The problem with it, particularly in the pre-Ramsey years, is that too little material is stretched out. Most other players combine their club and international volumes into a single volume. The length of Charlton's England career allows him to do two books - but in the context of a player's career, 106 games is the equivalent of a couple of seasons. It would be a bit like David Beckham writing `My LA Galaxy Years' in forty years time.

There is also a sense that he plays up to his status as the grand old man of English football. And who could blame him? He has, after all, won everything there is to be won in a career marked with courage, dignity and distinction. But the tone can seem fogeyish and at worst rambling, inane, and not true to Bobby Charlton's voice. After all, could you imagine him saying the following passage?

"Perhaps he decided that in this new world of football, of changing formations and the clearest evidence that in terms of ball skills and tactical subtleties many rival nations had passed us by, we need, as another embattled public figure, Prime Minister John Major, would later say `to get back to basics'."

Fortunately, most of the rest of the book isn't as horribly written as this, and by the time Alf Ramsey comes on board this volume hits full pace. The insights into the imperceptible Ramsey are compelling and better dealt with than by the likes of Alan Ball and Nobby Stiles in recent years. Charlton is particularly good on the routines and intensely close camp in the run up to the 1966 World Cup. He makes clear the debt of gratitude that the nation owes Alf Ramsey and he was surprisingly accepting of the way in which he was dropped by him after the 1970 World Cup.

Criticisms, however, tend to be oblique. I was surprised that there wasn't greater anger at the disgusting way Alf Ramsey and Bobby Moore were latterly treated by the FA. Perhaps he doesn't want to upset friends in high places? On the other hand, Peter Bonetti is singled out (albeit in Sir Bobby's roundabout way) for the defeat to West Germany in 1970.

In sum this is a decent companion to Sir Bobby's first volume of memoirs, even if it is slow to get going and, particularly in the early pages, there is a sense that his publishers are milking him for everything. Perhaps it fails by comparison to volume one, which was one of the best sporting memoirs of recent years. On its own merits, however, this is often a compelling story, generally well told if not sometimes eccentrically structured and strangely written - but it beats hands down any one of the turgid offerings by the current crop of underperforming England stars.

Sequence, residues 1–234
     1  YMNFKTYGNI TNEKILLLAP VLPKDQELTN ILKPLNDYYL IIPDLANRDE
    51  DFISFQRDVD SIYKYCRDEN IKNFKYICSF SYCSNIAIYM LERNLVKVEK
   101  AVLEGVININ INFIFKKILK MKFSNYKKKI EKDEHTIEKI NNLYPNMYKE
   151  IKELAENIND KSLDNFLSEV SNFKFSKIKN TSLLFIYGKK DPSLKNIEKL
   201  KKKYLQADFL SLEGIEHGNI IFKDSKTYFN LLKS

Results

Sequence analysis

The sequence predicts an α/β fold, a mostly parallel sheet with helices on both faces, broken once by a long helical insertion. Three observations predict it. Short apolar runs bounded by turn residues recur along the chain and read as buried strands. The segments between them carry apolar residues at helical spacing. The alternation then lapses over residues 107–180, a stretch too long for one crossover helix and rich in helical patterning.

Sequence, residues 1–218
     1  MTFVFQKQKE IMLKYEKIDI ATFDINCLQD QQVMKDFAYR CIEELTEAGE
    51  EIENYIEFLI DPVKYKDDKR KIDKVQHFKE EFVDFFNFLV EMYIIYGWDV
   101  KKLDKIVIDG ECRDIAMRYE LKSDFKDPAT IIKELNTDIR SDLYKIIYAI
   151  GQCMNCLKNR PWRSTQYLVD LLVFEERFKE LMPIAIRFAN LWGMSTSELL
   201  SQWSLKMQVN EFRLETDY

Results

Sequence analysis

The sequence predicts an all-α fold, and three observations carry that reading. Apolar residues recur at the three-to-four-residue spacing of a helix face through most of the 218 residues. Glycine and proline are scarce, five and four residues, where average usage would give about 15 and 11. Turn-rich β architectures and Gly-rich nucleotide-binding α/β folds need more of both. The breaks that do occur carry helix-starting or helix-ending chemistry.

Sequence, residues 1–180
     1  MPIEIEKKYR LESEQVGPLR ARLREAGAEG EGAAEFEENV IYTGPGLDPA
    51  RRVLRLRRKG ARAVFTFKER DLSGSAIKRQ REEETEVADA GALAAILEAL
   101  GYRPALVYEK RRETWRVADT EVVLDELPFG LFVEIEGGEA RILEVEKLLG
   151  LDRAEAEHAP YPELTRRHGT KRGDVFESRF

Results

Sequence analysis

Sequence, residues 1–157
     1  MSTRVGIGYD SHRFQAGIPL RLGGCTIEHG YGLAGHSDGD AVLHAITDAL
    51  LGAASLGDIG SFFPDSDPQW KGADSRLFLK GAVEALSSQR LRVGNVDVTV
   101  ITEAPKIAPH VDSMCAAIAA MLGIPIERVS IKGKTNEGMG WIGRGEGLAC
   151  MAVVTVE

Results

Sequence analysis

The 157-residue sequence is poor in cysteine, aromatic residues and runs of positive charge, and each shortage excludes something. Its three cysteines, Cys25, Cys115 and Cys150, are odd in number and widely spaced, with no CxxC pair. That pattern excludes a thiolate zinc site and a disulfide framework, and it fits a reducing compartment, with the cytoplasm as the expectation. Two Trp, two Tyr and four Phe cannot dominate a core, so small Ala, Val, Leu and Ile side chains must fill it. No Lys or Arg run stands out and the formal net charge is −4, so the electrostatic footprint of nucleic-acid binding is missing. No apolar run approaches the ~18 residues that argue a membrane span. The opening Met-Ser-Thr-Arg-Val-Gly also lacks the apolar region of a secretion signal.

The Road
The Road
by Cormac McCarthy
Edition: Paperback

1 of 2 people found the following review helpful
5.0 out of 5 stars An apocalyptic vision of the future that is destined for greatness, 29 Dec 2008
This review is from: The Road (Paperback)
Customer review from the Amazon Vine Programme (What's this?)
In The Road, Cormac McCarthy presents an apocalyptic version of the future that recalls the great post-war novels that predicted a post-nuclear future.

Some sort of environmental catastrophe has sucked the life from the country. A grey pallor hangs over everything. Society has entirely broken down. A man and boy - we never learn their names - are emerging from the shadows to take the road to the ocean where the promise of redemption lies. Until they do, they lead the lives of rodents - scavenging, hiding, watching, fearful.

It is a perilous journey fraught with constant dangers. In the world of the man and boy, there are only good guys and bad guys, but everything they seem to encounter is bad and to be feared. The prose is unremittingly bleak but it is compelling throughout - I read it in one evening. Although I had seen the film of No Country For Old Men, this is the first Cormac McCarthy novel I have read, and he has a way of cranking up the tension to fever pitch that was reminiscent of that movie. Yet at the same time his language has an almost Beckettian quality (eccentric pronunciation, parsimonious prose).